The main dramatic action of Act III occurs inside this block of flats. The setting emphasizes that this place is a Third World hellhole. Residents are packed like sardines into buildings with a box air conditioner in each window. Even the town’s Mayor, Zurga, has to get by with an old black-and-white TV with rabbit-ear antennas, and an old crappy computer that looks like it was obsolete already by 1979!
What Century Are We in, Anyhow?
Which raises the issue of when it is, or is not, acceptable to “modernize” the settings. Bizet had intended his story to take place in Ceylon of “ancient times”. But this radical production designed by Penny Woolcock, takes place in “modern times” – could be in the 1980’s, 1990’s – even yesterday! taking into account that these people are DIRT POOR and can only afford obsolete computers and other equipment.
Well, this issue is just a matter of taste, I suppose. People say there is no Right and Wrong. It’s just what works. When Director Patrice Chéreau broke all the rules of the Wagner Bayreuth Festival by setting his Ring Cycle in the 1870’s (or thereabouts), many purists scoffed, and yet IT WORKED!
When the Metropolitan opera staged “Prince Igor” as a World War I drama, with Polovetskian sabre dancers popping up like gophers from a poppy field, this was wrong. Staging Verdi’s “Rigoletto” in 1960’s Las Vegas …. THIS WAS VERY WRONG! But okay, many people might have loved it, this is a matter of personal taste. As for “The Pearl Fishers” being set in modern day – I THINK it worked! Partly because the story itself is timeless and because … well, people in that part of the world still worship Hindu deities, still suffer from tsunamis and fires, still form love triangles, and still experience rage, jealousy, love, and friendship. And the drama is the thing, after all. That plus the gorgeous music!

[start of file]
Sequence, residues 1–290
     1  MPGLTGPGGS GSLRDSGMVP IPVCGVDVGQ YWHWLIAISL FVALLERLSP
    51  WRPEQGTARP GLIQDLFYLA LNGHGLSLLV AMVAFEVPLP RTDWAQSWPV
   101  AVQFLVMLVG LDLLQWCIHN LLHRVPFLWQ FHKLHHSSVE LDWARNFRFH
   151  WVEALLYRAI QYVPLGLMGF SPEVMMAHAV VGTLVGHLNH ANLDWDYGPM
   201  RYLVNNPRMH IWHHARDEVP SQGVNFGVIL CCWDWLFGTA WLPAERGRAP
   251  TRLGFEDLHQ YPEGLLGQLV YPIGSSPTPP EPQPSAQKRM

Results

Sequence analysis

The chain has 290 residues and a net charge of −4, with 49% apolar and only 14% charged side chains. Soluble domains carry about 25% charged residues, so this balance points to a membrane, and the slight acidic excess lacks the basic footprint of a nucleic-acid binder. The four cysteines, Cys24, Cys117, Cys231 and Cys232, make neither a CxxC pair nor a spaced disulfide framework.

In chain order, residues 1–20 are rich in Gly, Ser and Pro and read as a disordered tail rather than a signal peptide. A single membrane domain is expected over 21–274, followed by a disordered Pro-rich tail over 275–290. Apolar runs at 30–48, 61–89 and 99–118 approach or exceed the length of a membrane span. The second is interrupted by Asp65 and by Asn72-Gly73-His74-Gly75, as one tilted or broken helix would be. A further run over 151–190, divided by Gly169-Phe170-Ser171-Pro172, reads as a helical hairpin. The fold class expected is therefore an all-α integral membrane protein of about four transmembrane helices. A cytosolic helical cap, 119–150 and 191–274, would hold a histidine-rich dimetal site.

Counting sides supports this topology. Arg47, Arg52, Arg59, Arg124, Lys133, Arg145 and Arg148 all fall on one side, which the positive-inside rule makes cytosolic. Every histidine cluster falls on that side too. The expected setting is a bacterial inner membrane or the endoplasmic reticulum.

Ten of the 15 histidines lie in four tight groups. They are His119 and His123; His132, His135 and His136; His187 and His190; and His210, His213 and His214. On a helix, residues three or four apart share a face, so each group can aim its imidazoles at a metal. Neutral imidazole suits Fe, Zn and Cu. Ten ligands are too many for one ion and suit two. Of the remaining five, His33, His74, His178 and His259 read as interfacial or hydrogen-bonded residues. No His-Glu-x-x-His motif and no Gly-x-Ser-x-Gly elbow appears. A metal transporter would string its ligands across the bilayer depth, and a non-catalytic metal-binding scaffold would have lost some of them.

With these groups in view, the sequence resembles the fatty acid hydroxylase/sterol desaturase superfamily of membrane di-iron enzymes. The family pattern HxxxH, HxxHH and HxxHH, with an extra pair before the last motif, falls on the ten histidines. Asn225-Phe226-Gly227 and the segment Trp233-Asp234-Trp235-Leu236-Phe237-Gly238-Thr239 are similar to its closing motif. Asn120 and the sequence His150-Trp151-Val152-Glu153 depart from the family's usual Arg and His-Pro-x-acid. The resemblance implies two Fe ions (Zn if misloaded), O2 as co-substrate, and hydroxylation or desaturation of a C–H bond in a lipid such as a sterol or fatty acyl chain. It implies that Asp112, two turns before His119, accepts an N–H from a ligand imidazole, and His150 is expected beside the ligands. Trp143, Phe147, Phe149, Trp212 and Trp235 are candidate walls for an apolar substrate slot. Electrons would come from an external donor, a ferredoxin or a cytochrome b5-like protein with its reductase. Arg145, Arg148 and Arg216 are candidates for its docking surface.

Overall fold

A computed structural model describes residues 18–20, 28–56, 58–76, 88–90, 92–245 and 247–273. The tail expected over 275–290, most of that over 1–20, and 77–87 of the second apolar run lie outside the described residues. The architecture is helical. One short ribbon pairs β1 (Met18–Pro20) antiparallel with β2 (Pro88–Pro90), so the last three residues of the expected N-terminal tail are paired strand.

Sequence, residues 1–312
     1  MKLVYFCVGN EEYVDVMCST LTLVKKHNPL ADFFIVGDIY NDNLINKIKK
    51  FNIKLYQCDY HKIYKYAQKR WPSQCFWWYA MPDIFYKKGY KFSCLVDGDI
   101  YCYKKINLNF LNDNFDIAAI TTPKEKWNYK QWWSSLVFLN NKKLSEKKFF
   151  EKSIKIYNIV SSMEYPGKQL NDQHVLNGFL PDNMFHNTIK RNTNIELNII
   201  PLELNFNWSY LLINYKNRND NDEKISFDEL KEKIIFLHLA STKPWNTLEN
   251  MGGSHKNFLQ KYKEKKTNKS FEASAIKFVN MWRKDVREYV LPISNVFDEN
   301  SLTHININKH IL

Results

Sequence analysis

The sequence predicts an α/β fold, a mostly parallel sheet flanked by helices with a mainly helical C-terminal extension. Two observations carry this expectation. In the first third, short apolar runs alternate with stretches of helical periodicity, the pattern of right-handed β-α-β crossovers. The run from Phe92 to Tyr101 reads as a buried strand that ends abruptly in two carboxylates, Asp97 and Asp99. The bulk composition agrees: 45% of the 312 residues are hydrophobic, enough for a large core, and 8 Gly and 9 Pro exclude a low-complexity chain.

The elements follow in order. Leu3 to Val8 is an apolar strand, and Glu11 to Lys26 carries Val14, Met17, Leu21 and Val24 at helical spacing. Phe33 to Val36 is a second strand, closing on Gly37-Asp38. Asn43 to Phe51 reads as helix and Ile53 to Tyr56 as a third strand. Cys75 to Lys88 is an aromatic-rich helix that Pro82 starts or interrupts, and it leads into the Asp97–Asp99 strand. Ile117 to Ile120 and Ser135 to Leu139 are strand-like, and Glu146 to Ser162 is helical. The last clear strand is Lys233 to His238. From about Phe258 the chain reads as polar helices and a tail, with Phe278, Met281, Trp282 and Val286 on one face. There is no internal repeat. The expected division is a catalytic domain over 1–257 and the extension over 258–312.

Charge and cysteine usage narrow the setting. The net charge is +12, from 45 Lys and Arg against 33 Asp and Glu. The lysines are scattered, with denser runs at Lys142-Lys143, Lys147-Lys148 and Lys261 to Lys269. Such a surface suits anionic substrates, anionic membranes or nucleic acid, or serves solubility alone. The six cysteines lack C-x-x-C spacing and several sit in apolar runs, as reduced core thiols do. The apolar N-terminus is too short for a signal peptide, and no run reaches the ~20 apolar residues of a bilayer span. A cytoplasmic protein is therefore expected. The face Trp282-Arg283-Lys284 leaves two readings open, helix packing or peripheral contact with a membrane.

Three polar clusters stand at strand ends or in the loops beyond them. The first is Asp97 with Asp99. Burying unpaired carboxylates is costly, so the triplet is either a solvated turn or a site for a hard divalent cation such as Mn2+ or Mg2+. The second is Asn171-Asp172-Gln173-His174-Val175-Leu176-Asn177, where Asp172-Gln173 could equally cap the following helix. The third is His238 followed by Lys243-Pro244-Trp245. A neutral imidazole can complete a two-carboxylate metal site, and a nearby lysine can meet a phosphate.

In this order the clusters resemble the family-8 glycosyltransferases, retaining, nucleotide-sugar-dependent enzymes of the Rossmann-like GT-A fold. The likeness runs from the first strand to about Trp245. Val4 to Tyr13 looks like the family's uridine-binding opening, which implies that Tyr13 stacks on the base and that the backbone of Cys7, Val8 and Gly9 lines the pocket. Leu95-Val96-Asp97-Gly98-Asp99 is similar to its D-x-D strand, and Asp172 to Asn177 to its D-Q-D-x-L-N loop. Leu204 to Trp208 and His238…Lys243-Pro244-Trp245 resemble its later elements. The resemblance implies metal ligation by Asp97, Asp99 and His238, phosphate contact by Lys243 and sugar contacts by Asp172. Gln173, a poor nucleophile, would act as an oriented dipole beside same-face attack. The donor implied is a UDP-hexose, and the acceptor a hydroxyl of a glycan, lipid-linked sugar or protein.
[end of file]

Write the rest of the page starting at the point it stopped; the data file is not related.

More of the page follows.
Backstory – WARNING: SPOILER ALERT!
Being a stickler for a logical story line, I hereby attempt to re-tell most of the plot in chronological order. The libretto to the opera was written by two French guys named Eugène Cormon and Michel Carré. The plot is surprisingly complex, which made me assume that it was based on a novel, or a play. But I can’t find that it was. It bothers me a bit that there are some gaping holes in the plot, as I will lay out below.
To tell the story in chronological order, I have to start with things that happened long before the curtain ever opened. Some of the things that I am about to lay out are plot points and twists which are revealed later, to surprise and shock the audience. Therefore, if you don’t want to read spoilers, then please skip this section.
- So, Once Upon a Time… In this timeless Sri Lankan village of Pearl Divers, there were two little boys, named Nadir and Zurga. Childhood friends and besties, they loved each other passionately as only children can. As they grew up, they became trained pearl divers as well.
- Then, something happened, which is never specified in the plot. Zurga became a fugitive, and had to go on the lam.